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Believe or Not: Areas Hard-Hit by Harvey Need the Rain

22 Nov 2017, 2:54 pm

After Hurricane Harvey’s torrential rains led to over four feet of rain in some parts of Texas and Louisiana in August, it’s been virtually bone-dry ever since.

Now, many of those areas are beginning to need rain again. In fact, some parts of the hard-hit region are moving into drought conditions of varying levels.

Here’s why: Since Harvey hit Houston, Texas in late August, the city has picked up just 5.15″ of rain, a full 8.25″ below the average of that time span of 13.40″. Houston isn’t officially in a drought, at least not yet, but surrounding areas like Corpus Christi and Lake Charles, Louisiana are. Corpus Christi has seen only 4.16″ of rain since September first, about 40 percent of the average 10.14″ it sees in that time, and Lake Charles has only seen 6.51″, less than half of the 13.17″ for that same time frame.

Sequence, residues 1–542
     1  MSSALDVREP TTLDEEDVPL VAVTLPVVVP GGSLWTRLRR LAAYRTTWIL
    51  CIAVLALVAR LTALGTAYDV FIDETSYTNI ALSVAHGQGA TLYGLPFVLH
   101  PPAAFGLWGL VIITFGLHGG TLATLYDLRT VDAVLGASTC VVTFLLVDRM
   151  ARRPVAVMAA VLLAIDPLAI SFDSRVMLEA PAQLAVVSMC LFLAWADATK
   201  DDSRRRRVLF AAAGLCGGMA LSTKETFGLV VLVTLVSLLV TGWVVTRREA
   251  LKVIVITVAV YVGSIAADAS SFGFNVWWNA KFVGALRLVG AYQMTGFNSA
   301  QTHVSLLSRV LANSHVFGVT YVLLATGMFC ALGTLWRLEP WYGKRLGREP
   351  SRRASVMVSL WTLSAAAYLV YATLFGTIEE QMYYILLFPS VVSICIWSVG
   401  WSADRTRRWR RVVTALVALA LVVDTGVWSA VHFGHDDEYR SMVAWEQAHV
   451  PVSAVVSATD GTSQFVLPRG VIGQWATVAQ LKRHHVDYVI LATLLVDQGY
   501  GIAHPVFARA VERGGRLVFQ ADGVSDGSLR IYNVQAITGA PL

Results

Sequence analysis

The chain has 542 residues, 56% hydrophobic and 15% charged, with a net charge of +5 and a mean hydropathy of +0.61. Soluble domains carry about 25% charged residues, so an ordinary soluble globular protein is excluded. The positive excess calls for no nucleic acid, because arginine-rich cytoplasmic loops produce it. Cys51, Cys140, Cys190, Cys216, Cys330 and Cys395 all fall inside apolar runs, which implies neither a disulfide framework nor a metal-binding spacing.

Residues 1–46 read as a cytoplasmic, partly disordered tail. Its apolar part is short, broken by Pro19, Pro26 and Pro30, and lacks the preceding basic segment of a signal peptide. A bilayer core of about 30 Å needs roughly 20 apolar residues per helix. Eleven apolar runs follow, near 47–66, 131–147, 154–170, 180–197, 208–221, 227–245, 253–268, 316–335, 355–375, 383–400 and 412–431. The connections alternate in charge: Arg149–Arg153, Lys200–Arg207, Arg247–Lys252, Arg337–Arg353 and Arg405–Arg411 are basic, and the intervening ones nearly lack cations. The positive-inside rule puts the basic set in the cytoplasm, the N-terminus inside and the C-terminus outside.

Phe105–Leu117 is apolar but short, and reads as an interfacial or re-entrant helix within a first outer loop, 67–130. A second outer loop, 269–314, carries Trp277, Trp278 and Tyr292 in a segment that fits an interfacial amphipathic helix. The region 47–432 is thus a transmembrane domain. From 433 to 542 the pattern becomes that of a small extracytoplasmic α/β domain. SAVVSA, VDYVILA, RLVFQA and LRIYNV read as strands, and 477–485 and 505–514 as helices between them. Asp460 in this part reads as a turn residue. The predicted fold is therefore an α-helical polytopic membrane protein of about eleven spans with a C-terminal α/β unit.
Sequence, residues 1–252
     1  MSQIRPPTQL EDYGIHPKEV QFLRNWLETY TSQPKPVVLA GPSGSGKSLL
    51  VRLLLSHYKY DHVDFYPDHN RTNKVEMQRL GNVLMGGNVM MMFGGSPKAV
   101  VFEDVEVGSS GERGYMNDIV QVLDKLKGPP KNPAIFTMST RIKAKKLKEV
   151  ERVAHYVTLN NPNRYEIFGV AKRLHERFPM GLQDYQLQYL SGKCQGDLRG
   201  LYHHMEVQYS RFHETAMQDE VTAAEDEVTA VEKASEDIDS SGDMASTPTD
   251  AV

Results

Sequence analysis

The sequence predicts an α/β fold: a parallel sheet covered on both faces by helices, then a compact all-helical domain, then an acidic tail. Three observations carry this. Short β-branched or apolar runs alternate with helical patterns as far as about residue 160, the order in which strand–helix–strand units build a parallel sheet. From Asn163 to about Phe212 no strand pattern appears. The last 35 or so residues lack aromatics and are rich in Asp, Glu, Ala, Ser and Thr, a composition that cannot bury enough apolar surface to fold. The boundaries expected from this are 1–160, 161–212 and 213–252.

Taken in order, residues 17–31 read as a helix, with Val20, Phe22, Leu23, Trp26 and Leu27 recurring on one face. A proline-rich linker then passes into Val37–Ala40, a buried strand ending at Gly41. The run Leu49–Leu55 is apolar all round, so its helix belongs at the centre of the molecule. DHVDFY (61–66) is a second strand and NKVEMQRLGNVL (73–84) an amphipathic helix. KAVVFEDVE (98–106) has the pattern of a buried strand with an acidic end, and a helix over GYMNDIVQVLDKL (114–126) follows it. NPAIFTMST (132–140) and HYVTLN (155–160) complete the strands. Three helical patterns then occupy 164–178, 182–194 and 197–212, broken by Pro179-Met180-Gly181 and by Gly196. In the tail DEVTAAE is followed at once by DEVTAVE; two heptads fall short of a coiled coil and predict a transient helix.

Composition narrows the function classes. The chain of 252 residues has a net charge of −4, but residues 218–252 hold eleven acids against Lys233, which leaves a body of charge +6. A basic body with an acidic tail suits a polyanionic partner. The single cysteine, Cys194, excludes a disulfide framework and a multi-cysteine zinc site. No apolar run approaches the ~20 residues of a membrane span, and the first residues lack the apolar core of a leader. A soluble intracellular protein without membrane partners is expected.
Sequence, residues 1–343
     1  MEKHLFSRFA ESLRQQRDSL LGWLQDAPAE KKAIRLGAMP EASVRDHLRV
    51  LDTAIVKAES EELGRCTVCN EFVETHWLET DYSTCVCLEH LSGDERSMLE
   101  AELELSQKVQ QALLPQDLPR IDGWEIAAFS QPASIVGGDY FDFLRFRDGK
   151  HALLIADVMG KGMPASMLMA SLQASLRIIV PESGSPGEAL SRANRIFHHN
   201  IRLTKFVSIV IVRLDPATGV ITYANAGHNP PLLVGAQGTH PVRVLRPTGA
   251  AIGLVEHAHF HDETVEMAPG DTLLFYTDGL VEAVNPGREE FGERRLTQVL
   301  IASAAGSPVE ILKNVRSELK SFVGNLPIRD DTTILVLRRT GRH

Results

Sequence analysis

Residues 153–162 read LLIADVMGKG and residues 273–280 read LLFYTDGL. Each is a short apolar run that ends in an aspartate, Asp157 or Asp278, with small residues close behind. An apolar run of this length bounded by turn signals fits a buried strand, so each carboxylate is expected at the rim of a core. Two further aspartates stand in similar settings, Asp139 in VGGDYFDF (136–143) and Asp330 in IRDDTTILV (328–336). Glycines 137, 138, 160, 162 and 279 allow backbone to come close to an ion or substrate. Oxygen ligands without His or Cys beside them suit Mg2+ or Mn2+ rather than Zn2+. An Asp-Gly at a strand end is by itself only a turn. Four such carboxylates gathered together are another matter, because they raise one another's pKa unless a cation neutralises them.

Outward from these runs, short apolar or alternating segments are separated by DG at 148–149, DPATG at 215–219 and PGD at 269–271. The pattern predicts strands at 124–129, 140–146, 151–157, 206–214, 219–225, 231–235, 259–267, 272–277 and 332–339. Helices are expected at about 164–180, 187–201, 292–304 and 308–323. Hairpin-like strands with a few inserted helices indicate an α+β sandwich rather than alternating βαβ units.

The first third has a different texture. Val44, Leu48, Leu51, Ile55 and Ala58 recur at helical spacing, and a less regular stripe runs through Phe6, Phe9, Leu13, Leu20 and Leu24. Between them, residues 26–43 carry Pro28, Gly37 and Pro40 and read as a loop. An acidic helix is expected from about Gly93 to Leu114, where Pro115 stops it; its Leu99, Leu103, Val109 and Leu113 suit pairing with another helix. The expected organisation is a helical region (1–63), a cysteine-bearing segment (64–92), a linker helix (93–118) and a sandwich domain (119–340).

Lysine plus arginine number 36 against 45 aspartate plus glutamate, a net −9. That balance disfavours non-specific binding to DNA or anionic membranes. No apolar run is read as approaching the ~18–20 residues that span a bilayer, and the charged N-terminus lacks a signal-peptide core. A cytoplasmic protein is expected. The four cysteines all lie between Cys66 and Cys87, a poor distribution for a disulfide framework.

The worst of the drought conditions across the South are in the ArkLaTex region, including much of Arkansas and northern Louisiana, areas that didn’t end up getting the kind of historic rainfall totals that Houston and Beaumont got during Harvey. Here, there are pockets of ‘severe’ drought, all as a result of a short-term dry spell.

Unfortunately, there’s little rain in the forecast, with the exception of some quick showers Friday and Saturday along a cold front moving through.

Stay with WeatherNation on the continued drought conditions across the region.

For WeatherNation: Meteorologist Chris Bianchi

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